The Los Angeles County Board of Supervisors approved an almost 10% increase to developer fees for the benefit of the Fire Protection District of the county after a public hearing on Jan. 31. These updated rates would take effect on April 1 in the incorporated areas of the county, and in cities upon an approved resolution.
“It’s always hard to talk about raising fees,” Supervisor Janice Hahn, 4th District, and presiding officer of the Board of Supervisors, said during the meeting. “But I know for me personally, I have pledged my support to our Fire Department collecting the appropriate fees that help pay for the work they’re doing.”
The developer fees also help fund new fire stations and upgraded equipment. Hahn also noted the Fire Department is realigning its budget as it addresses a “structural deficit.”
“It’s always difficult to raise fees, but they absolutely have the right to collect the appropriate fees for the service that they provide,” Hahn continued. “Ultimately, I think it will make for a more reliable and safer department as we continue to support them.”
Interim Fire Chief Anthony Marrone noted the updated fee rates will be imposed in the three areas of benefit, including the Santa Clarita Valley, the Antelope Valley, the Malibu/Santa Monica Mountains, and in Calabasas.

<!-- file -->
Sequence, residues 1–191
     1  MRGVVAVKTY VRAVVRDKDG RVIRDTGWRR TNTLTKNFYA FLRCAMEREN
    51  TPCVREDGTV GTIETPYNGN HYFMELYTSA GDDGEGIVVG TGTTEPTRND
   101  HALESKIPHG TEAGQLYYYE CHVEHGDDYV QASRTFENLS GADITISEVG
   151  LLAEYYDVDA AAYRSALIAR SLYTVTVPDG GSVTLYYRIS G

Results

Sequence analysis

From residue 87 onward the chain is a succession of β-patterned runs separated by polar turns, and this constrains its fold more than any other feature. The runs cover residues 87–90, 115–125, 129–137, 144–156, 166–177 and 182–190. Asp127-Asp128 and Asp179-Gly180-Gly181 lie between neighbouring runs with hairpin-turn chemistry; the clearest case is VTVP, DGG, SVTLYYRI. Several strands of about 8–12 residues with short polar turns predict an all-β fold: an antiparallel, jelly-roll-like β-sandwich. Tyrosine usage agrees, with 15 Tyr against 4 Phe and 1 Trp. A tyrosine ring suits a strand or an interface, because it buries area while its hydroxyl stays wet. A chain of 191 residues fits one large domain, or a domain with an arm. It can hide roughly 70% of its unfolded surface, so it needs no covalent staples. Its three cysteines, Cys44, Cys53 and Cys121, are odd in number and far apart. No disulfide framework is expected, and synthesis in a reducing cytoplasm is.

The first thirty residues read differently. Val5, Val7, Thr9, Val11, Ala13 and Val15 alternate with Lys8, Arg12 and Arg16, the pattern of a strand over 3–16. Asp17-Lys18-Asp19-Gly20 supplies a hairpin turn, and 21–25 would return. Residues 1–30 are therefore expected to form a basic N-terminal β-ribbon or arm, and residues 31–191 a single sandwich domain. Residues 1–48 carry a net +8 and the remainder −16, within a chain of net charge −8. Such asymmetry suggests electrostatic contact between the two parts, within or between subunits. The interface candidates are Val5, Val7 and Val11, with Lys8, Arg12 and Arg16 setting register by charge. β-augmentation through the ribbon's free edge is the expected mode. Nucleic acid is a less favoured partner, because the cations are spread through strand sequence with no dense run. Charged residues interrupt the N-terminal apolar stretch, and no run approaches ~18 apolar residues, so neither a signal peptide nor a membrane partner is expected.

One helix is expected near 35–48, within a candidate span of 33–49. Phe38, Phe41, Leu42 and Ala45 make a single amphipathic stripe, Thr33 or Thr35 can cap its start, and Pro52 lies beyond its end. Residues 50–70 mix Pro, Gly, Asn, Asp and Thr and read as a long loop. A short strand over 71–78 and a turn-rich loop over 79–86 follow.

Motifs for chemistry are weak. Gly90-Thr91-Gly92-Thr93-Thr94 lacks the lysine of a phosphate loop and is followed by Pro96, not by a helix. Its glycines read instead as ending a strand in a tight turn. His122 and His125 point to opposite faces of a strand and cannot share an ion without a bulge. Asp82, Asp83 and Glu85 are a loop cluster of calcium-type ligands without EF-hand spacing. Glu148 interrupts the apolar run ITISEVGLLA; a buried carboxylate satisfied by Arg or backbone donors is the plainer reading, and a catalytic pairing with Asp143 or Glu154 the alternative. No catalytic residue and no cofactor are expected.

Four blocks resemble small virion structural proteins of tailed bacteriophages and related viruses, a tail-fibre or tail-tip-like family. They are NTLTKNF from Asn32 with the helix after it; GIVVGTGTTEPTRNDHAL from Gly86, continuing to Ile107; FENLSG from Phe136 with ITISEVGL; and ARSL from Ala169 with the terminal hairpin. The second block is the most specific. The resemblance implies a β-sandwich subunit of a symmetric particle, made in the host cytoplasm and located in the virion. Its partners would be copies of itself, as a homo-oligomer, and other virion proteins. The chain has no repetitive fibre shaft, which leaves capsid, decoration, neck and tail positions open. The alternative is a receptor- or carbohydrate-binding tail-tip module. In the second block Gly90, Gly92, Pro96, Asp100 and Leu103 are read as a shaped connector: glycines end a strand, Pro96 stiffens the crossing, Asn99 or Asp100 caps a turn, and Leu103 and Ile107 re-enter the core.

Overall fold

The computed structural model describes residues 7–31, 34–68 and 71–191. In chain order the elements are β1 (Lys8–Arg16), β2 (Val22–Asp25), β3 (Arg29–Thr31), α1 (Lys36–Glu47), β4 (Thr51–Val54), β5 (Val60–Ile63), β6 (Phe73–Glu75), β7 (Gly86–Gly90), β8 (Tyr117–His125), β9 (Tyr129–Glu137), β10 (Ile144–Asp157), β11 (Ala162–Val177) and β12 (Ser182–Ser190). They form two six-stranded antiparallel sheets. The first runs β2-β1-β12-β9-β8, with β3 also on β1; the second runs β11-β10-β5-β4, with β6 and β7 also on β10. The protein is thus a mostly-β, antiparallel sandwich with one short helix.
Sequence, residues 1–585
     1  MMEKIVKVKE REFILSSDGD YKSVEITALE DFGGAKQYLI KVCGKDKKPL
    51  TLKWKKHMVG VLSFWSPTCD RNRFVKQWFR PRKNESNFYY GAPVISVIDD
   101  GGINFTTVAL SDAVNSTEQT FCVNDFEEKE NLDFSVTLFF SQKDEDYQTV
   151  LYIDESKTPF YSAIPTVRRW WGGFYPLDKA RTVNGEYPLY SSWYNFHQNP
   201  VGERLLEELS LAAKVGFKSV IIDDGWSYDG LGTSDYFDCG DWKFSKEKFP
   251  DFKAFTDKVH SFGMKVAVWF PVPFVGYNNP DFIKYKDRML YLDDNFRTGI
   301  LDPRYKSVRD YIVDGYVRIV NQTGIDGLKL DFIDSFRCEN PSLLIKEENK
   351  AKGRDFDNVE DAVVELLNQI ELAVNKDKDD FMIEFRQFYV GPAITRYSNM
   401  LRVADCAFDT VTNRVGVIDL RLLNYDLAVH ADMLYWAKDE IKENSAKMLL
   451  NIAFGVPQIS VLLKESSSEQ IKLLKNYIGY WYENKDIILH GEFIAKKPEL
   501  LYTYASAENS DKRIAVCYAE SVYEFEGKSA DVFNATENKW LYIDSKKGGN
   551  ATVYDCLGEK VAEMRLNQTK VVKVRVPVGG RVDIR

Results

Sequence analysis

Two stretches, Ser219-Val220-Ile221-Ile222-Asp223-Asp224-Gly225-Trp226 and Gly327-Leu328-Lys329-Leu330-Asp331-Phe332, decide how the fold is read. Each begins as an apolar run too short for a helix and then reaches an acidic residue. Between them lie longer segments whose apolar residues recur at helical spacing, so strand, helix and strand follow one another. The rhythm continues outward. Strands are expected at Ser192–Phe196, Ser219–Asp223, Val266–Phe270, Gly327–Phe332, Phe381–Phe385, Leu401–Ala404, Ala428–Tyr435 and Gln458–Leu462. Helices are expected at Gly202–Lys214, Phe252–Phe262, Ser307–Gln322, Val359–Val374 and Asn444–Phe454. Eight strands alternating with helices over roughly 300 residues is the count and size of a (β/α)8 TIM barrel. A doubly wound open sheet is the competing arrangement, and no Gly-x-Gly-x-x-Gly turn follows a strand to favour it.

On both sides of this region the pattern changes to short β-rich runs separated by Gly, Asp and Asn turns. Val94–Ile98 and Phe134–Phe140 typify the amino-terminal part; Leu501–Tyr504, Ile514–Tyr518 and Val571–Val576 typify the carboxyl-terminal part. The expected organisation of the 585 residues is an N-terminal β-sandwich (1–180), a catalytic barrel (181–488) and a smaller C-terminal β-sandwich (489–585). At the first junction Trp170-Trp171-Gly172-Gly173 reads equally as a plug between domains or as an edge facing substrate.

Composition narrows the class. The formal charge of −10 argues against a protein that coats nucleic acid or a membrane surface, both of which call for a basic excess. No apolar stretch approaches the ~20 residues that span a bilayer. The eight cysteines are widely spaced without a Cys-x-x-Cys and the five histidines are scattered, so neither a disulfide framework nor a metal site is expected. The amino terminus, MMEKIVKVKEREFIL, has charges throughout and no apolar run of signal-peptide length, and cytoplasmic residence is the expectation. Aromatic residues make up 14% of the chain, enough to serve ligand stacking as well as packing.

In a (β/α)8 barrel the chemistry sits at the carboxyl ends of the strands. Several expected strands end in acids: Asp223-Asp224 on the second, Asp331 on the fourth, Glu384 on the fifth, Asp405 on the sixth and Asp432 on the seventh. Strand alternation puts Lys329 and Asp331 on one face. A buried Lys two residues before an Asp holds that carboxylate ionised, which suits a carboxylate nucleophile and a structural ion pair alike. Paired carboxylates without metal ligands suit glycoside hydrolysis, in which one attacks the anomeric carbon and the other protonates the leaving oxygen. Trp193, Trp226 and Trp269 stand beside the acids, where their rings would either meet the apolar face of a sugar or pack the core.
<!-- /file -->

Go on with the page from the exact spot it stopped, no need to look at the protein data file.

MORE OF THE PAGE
In the area of benefit No. 2, the SCV, according to the county documents, the developer fee rates include a component to recoup the district’s costs associated with financing the five new fire stations. The developer fee program increased by 8.3% in the SCV, which resulted from an increase in the following costs: land costs, fire station development, equipping and furnishing, and personnel to operate the local stations.
The developer fees in the Antelope Valley increased 9.7%, and in the Malibu/Santa Monica Mountains and Calabasas increased by 8.3%.
The Fire Department based the new developer fee in the SCV based on its new calculation, $1.5499 per square foot of new development.
The developer fees will be implemented on April 1 in the unincorporated areas of the county. The new rates will be imposed in the cities of Santa Clarita, Malibu and Lancaster upon adoption of a resolution updating the fee amounts by each respective city.
Supervisor Kathryn Barger, 5th District, which includes the SCV, commended the Fire Department as fire officials conducted outreach to various city managers to discuss this potential developer fee increase.
“And there was no pushback because they recognized that in fact fees had not been updated and did not accurately reflect the actual costs,” Barger said. “It’s not like we’re making money. This is just recovering actual costs based on what the developers are doing.”
In the SCV, these developer fees are intended to fund a total of 11 fire stations — six of which have already been built and are operational, as well as five more new ones yet to be built.
“Without the requested developer fee increase, fire station construction will be outpaced by development, resulting in insufficient fire protection for growth areas,” according to the supervisors’ agenda report.